"Gamechanger" AI smartphone app developed in Pittsburgh can diagnose ear infections more accurately than many clinicians

Pittsburgh physicians develop tool that uses AI to better detect ear infections

PITTSBURGH (KDKA) — A new smartphone app developed by researchers at UPMC and the University of Pittsburgh uses artificial intelligence to accurately diagnose ear infections. 

The AI tool analyzes short videos of the eardrum that are captured by a smartphone-connected otoscope.

"We accomplished 94% sensitivity specificity and 94% accuracy in diagnosing an ear infection versus not an ear infection in children, which is quite good and better than most physicians are," said Alejandro Hoberman, director of the Division of General Academic Pediatrics at Pitt's School of Medicine and president of UPMC Children's Community Pediatrics.

Dr. Hoberman has been studying acute otitis media for decades. He said past studies of clinicians have reported diagnostic accuracy of acute otitis media ranging from 30 to 84 percent.

Accurately diagnosing acute otitis media requires a trained eye to pick up subtle visual findings from a quick look at the eardrum of a squirming baby. It's also often confused with another condition that generally doesn't involve bacteria and doesn't benefit from antimicrobial treatment, researchers say. 

Hoberman said around 70 percent of children get this ear infection before their first birthday, but it's often misidentified.

"It hurts, and the quality of life is not good. And the kids wake up at night and they're uncomfortable and they're fussy," he said.

Hoberman and his team used over 900 videos from a training library they created to teach two different AI models to detect acute otitis media, then used about 200 videos to test how the models performed. The AI tool uses short videos captured on an otoscope that's connected to a smartphone.

"We are talking to the software and actually telling capture, stop and then we trim it to like two or three or four seconds," Hoberman said. "This is not generating AI. This is not inventing anything. This is using the way we think as pediatricians and what's written."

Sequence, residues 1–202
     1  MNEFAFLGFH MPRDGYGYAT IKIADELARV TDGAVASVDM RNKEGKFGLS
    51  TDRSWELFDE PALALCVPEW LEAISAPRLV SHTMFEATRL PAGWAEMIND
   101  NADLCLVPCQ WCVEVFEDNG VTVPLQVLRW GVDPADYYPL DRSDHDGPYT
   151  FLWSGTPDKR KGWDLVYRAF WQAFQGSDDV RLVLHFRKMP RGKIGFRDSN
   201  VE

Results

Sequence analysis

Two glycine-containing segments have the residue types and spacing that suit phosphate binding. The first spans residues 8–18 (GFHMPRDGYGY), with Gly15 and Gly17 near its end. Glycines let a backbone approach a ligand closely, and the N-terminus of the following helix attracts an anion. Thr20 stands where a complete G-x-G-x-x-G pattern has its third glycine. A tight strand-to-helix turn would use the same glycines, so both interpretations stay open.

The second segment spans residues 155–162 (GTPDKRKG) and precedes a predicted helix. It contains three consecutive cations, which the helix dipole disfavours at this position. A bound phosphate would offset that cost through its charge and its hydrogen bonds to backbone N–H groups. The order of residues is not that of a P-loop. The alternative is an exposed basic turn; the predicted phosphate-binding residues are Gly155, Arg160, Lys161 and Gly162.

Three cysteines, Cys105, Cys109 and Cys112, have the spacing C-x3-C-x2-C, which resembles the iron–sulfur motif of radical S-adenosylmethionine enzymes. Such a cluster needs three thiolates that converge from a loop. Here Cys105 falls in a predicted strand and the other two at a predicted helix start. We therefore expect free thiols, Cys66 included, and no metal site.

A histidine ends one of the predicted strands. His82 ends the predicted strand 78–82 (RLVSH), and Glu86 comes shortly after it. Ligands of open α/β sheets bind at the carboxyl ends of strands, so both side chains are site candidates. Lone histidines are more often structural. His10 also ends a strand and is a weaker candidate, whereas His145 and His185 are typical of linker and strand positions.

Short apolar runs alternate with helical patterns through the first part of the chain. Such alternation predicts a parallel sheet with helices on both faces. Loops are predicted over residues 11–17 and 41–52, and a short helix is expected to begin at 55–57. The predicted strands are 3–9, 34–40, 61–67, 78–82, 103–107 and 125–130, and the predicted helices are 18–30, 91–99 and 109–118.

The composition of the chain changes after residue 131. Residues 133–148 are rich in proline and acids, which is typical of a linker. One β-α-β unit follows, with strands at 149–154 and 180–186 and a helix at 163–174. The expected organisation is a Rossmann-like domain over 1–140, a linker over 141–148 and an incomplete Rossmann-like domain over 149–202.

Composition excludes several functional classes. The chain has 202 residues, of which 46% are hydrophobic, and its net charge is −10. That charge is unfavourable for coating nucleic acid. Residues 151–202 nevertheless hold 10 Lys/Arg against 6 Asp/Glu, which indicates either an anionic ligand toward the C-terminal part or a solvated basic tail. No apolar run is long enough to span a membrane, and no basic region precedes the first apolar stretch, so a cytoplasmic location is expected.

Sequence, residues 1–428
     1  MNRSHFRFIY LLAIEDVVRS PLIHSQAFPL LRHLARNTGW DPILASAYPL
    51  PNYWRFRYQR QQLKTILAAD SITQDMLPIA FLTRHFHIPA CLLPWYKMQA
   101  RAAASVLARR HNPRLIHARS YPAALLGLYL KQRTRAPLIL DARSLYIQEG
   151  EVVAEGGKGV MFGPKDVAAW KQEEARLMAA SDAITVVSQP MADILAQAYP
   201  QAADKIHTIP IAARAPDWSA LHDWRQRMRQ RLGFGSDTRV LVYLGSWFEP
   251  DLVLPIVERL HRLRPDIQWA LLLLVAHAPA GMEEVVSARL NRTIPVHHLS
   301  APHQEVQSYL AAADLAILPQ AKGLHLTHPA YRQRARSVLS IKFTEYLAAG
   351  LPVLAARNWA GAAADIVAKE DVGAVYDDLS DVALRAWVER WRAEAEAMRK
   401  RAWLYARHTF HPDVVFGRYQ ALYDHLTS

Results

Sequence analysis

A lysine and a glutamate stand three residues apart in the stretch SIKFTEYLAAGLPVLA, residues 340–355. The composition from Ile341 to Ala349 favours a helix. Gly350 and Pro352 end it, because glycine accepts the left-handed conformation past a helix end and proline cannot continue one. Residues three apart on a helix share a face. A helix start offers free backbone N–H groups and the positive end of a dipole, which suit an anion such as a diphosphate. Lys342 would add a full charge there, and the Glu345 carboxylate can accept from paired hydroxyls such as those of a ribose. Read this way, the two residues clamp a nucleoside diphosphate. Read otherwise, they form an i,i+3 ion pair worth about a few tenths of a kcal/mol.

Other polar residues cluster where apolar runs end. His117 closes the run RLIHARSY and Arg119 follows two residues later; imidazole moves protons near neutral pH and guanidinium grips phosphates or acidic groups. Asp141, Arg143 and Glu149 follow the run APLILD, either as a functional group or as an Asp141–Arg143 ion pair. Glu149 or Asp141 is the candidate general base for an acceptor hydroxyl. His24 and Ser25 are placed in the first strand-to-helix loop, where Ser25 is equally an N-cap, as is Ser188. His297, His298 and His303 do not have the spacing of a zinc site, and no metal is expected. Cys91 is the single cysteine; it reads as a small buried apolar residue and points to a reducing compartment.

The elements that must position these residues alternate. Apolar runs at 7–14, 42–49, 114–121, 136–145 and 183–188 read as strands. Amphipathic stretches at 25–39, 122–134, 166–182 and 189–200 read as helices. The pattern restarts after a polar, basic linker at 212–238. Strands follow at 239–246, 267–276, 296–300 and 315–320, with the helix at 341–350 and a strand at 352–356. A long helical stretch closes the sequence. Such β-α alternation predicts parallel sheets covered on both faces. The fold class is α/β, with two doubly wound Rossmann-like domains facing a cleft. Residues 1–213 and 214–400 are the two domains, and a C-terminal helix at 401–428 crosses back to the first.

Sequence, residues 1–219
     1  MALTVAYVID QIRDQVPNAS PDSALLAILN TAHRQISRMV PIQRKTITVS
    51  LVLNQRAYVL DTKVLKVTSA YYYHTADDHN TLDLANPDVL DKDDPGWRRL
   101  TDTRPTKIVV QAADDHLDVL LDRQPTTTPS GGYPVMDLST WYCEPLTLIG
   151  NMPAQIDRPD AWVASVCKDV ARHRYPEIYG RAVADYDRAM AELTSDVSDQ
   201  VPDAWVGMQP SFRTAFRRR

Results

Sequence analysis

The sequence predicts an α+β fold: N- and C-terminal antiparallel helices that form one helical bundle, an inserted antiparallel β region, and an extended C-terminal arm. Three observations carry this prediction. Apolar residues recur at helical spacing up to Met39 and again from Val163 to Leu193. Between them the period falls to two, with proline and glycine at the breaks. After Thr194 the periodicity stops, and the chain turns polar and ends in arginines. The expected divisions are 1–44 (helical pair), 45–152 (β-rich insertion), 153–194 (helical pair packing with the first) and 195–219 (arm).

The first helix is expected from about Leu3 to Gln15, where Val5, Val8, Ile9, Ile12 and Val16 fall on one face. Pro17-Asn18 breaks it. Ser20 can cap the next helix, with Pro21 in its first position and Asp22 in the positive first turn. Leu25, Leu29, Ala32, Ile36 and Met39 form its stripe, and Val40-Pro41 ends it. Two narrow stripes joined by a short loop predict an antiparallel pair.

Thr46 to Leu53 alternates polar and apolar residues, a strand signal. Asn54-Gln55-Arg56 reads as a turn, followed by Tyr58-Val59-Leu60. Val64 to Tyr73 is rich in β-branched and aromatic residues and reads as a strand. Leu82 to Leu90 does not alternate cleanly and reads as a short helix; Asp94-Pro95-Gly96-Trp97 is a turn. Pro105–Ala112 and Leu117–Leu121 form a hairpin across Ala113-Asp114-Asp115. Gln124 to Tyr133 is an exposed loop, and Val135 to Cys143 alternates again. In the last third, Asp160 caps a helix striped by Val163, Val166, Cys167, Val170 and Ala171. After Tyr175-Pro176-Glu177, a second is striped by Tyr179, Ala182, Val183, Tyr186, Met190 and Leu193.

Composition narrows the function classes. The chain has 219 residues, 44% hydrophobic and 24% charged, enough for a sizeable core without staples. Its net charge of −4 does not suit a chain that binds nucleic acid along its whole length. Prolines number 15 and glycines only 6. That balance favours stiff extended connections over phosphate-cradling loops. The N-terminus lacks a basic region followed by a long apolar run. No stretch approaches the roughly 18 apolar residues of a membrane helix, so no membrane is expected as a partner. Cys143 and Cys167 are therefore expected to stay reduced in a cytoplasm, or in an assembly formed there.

Hoberman said the infection is the number one reason children are prescribed antibiotics. According to new research published in JAMA Pediatrics, the groundbreaking tool Hoberman and his team developed could lower unnecessary antibiotic use in kids.  

This is a big win for physicians because Hoberman said ear infections can be both underdiagnosed and overdiagnosed.  

"If they're overdiagnosed, the child is getting inadequate care. They're getting unnecessarily antibiotics. And if they are not diagnosed, if they're underdiagnosed, the child is not getting the right care," he said.

The hope is that the technology will soon be certified by the FDA and used across doctors' offices.

"We love it, in using it, in teaching it and sharing with parents in shared decision-making, in enhancing the quality of their observations. We believe it's going to be a gamechanger. And hopefully, there will be adoption of this, it'll become a product that people will be able to download and use on an easy basis," Hoberman said.

Hoberman said the otoscope they use is something anyone can buy online, which means the app could potentially be used by parents to send video files to pediatricians. They're using the tool at 10 pediatric offices for clinical research.

"Eventually, these videos will be able to be incorporated into the electronic health record. And for the purposes of researching new infections, we are requiring it and the FDA actually requires that places that are participating in Otitis Media Research actually get video images of the drum," Hoberman said.

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